A lot of people hear the Gospel today, many for the very first time.

Good stuff.


Wednesday, May 03, 2006

Interview: Kosovo P.M. Ceku on Independence

Newsweek just published an article an interview with Kosovo Prime Minister Agim Ceku.  Most people I know seem hesitatingly positive about Ceku.  The hesitation comes from a long history of discontent with local politicians.  The positive attitude comes from the leadership he’s showing.  He’s making some pretty impressive initial progress, including making his first address to the parliament in the Serbian language.  Check out the article here.

via KosovoReport


Tuesday, May 02, 2006

Debate on "religion in school"

Last week we were barely treading water with all the good things God was doing when we got an invitation to participate in a debate on religion in the schools.  The debate was to be held at the University building across the street.  I called Pastor Femi, who just earned his doctorate, to represent us on behalf of the protestant community.  When we arrived the room had barely begun to fill up. 


By the time the debate started, it was only about half full.  It didn’t take long, however for the room to become jam packed.  Femi did a great job describing the issues surrounding state-supported Islamic education in the school system.  In fact, one of the audience, a university professor, said, “aren’t we really talking about Islamic education in the schools, not religions education?”  I thought that was pretty insightful.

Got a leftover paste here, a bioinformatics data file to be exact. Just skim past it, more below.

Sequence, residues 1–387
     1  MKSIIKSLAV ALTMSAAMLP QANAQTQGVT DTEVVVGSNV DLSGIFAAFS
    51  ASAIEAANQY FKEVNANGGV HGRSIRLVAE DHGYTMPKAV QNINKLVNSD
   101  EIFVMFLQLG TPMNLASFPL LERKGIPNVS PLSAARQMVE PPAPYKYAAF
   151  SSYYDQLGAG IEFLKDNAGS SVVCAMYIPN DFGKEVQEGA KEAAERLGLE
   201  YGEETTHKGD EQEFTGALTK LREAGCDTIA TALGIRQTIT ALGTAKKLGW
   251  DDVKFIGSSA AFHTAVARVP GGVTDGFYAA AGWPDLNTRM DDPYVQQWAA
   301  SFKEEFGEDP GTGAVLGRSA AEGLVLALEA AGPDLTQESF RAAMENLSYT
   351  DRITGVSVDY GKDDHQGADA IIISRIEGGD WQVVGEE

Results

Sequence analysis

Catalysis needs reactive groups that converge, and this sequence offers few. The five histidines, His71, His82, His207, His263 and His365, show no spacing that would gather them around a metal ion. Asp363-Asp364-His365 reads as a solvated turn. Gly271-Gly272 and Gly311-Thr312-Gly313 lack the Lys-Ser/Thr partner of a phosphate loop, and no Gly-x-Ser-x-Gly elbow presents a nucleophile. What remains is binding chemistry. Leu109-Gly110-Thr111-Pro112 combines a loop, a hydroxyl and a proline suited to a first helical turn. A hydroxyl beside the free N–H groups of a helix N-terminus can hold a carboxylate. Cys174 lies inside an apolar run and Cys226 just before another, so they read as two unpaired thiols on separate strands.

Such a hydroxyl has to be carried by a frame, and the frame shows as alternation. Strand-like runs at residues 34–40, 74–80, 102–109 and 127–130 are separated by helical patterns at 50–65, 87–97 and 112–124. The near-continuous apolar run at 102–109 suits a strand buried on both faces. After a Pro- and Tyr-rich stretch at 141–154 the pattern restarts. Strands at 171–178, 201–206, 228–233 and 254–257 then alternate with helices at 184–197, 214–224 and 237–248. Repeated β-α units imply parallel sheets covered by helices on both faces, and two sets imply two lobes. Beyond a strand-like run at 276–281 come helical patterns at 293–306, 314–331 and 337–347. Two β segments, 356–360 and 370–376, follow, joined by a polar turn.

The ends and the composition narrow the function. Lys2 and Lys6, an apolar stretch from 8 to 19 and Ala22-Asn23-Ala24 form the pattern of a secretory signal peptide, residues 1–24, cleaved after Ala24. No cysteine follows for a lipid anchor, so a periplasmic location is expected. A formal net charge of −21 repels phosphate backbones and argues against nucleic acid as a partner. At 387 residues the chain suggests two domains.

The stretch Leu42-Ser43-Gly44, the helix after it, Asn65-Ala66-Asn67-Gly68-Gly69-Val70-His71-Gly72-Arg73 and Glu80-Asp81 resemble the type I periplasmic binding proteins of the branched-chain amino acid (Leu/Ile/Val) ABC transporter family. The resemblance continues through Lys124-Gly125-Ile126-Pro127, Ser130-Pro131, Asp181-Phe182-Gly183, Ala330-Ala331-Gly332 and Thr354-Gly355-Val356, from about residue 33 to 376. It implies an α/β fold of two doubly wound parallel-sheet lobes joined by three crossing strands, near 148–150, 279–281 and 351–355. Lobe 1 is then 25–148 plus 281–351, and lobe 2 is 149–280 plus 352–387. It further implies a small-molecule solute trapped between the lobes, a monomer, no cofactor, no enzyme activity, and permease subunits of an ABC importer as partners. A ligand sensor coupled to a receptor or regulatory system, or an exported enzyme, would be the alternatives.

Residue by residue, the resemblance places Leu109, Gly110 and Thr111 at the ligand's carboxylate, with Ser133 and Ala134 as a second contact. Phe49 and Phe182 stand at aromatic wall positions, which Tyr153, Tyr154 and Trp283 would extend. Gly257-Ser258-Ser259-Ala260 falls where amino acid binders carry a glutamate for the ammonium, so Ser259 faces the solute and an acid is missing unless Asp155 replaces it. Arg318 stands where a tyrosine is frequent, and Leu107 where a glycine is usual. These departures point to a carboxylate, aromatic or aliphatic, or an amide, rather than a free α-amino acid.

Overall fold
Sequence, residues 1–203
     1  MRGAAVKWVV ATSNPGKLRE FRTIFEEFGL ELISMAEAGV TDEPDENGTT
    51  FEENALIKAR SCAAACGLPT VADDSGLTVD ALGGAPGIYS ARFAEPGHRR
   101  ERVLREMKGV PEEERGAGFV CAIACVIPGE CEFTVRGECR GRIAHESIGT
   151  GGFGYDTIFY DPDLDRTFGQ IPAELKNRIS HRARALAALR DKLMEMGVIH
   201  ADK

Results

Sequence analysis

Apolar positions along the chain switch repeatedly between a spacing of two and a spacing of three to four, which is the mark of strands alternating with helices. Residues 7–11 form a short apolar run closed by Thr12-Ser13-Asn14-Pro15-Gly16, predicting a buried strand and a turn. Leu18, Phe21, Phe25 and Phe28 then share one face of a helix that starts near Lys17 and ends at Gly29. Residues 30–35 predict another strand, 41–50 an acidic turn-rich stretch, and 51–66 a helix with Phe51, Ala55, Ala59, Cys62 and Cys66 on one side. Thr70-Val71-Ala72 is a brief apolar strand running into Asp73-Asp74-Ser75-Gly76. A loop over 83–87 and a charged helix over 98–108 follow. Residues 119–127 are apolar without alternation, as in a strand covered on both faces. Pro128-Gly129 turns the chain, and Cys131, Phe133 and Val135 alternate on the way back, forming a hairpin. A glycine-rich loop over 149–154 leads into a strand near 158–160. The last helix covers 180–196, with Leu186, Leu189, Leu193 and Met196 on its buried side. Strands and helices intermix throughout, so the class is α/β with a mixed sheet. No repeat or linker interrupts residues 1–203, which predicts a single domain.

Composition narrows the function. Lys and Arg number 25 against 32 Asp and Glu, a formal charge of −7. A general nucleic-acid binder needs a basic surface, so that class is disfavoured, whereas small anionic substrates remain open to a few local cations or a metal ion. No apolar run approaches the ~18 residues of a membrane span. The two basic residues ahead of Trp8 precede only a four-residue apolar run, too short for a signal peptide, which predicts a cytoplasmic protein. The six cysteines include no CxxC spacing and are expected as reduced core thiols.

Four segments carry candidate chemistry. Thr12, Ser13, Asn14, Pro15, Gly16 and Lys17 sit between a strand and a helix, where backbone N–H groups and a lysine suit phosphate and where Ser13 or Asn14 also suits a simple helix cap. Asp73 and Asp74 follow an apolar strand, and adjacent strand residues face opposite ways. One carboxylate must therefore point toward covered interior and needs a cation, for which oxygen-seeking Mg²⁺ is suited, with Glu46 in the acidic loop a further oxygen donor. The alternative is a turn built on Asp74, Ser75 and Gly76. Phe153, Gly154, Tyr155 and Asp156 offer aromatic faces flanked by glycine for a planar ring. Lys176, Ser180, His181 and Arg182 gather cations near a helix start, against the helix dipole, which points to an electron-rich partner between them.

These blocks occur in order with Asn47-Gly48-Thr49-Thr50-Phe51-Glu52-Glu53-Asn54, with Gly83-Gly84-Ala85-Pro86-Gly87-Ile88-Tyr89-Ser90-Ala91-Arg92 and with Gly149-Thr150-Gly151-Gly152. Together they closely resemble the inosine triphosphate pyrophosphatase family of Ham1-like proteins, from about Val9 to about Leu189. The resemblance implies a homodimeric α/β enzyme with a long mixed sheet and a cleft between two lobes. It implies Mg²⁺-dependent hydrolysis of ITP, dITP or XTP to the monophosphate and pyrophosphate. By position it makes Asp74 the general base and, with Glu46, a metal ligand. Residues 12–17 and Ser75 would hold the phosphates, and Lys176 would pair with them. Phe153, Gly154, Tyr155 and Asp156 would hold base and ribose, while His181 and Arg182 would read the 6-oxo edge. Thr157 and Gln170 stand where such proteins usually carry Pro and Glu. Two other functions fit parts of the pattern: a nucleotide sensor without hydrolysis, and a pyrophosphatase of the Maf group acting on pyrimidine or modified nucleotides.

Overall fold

The bulk of the panel, which included many professors, a representative from the Islamic Community seemed against religious education in the schools.  Some of those present had actually written the curriculum used in the school system.  It already includes material on comparative religions and most thought that was enough.

As usual, Femi did a great job presenting an evangelical viewpoints on these issues.

On a funny side note, when I walked into the room I was met by a young lady who said, “oh, është babai i Madisonit!!!”  In other words, Oh, it’s Madison’s dad!  She was a student teacher in my daughter’s first grade class.  I thought it was just classic that my daughter is better known in town than her dad.